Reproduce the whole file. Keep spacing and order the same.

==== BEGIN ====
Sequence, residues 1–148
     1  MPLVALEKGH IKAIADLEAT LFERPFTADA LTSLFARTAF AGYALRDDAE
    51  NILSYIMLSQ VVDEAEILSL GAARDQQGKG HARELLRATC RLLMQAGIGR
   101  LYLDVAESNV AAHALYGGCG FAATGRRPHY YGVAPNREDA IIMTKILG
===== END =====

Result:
Sequence, residues 1–148
     1  MPLVALEKGH IKAIADLEAT LFERPFTADA LTSLFARTAF AGYALRDDAE
    51  NILSYIMLSQ VVDEAEILSL GAARDQQGKG HARELLRATC RLLMQAGIGR
   101  LYLDVAESNV AAHALYGGCG FAATGRRPHY YGVAPNREDA IIMTKILG